But we found one gas station owner who is doing the opposite and pricing gas above even last summer's sky-high prices. AAA says this is most likely the most expensive gas in America.
The price for regular at this gas station really is $4.89 a gallon.
"I says, no, this can't be right." That's the reaction of Joe Guiliano. He didn't see the price posted at the pump and was charged more than $90 to fill up his Hummer.
"I think its robbery," Joe told 7 On Your Side's Tappy Phillips. "I don't know how this could be legal or how business owners can get away with this."
But it is perfectly legal, even though this price far outpaces the state average of $1.66/gallon. In fact, The law in New Jersey doesn't set any price guidelines. Retailers can charge what they like. It requires only that prices, however high, be posted at the pump.
When 7 On Your Side visited the station in Summit, New Jersey, there weren't many customers buying gas. But the few we found filling up weren't aware of the high price until after we pointed it out to them.
So we asked the station's owner, "$4.89 for gas? What's up with that?" His reply: "You know, it's capitalism."
The operator/owner of the Exxon on Ashwood Avenue in Summit, New Jersey is Eel Chang. He says his price, more than 3 bucks per gallon above the state average, is a form of protest against his parent company, Exxon.
Tappy: "So you're deliberately don't want people to buy this gas?"
Station Owner: "I wouldn't say that."
Tappy: "You're discouraging people from buying this gas?"
Station Owner: "That's one way to look at it."
Mr. Chang's takes issue with something called zone pricing. That's where oil companies sell gasoline at different prices to stations in different areas.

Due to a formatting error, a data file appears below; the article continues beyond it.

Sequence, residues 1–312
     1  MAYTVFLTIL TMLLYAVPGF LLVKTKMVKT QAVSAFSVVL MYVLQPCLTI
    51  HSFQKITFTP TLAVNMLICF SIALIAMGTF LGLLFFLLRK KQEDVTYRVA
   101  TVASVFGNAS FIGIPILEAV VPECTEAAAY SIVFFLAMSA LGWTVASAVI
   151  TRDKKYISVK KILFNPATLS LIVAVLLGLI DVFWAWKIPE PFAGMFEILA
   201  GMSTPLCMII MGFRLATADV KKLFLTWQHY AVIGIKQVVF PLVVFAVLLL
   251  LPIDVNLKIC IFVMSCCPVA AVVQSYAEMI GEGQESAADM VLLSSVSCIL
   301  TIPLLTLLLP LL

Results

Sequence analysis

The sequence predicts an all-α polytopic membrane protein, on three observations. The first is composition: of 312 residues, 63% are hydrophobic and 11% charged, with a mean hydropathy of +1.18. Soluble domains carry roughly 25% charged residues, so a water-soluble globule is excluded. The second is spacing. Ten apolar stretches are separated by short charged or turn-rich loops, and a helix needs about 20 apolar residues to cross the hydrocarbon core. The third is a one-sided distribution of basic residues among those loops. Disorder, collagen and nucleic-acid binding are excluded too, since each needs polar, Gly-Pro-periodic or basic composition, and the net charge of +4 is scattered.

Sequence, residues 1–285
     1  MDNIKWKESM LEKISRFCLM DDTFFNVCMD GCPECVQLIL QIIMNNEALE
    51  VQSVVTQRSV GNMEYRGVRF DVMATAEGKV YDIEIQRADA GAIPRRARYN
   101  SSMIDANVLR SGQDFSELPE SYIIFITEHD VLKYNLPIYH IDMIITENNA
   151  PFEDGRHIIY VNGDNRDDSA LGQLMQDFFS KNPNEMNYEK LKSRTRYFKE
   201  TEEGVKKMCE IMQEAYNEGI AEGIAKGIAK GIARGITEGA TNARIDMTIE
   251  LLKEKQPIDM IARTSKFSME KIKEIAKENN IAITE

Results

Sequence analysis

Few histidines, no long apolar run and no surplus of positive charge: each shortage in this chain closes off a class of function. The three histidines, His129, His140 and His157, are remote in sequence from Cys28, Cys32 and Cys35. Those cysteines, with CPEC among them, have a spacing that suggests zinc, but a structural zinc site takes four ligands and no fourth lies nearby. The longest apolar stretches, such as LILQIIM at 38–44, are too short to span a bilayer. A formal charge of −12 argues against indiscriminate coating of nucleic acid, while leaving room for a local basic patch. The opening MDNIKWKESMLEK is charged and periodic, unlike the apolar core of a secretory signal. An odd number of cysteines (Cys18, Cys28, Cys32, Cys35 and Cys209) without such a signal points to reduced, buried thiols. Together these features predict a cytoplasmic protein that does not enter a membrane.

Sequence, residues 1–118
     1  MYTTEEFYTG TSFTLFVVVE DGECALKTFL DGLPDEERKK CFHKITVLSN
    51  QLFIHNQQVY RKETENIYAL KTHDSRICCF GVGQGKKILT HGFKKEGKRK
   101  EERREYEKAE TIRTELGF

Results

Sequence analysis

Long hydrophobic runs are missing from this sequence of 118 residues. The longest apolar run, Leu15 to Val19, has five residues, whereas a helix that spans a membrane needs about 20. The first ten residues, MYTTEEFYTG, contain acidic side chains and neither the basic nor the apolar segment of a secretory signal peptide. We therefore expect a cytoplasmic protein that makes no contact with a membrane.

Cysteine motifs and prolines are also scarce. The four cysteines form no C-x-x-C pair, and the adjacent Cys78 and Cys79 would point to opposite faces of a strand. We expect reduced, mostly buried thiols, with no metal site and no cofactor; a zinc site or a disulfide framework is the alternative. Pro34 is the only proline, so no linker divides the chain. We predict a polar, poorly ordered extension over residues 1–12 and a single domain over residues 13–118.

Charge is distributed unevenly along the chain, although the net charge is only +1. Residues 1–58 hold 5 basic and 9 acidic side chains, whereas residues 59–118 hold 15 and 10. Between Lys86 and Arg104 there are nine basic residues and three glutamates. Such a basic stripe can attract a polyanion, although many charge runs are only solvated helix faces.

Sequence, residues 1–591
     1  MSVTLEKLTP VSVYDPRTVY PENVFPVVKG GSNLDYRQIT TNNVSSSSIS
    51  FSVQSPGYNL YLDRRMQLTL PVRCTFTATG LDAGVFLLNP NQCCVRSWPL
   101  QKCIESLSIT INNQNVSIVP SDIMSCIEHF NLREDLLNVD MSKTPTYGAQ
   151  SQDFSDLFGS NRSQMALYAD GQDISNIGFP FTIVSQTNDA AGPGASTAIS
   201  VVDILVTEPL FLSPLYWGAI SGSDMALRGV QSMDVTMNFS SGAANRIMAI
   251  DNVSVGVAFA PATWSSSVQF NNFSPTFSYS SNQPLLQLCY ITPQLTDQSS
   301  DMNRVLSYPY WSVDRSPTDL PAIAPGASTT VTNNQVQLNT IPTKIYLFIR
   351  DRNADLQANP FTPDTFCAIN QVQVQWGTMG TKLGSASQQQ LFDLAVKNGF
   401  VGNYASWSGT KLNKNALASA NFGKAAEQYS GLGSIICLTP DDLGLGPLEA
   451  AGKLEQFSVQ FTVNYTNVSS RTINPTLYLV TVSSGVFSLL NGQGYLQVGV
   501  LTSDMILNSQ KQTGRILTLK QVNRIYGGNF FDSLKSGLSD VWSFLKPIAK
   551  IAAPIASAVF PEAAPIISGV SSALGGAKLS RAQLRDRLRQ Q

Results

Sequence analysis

"We think that Exxon has 300 zones in the state of New Jersey." says Sal Risalvato of the New Jersey Gasoline Association.
We found an Exxon less than two miles from Mr. Chang's, selling gas alot cheaper. According to the New Jersey Gasoline Association, it's in a different zone and is paying 15 to 20 cents a gallon less. Mr. Chang says he just can't compete.
Mr. Chang has even sued Exxon in federal court, saying he cannot operate at a profit and remain economically viable while paying more for gas than his competitors..
Exxon told us that they don't set retail prices, store owners do. But when we asked about zone pricing and how much Mr. Chang is charged for gas, Exxon had no comment.
Unfortunately, consumers are the ones caught in the crossfire in this gas price war. So, it's up to consumers to check the price on the pump before they fill up.
"I'm not holding a gun to anyone's head," says the station owner. "Consumers can decided whether to buy it or not."
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Story by: Tappy Phillips
Produced by: Steve Livingstone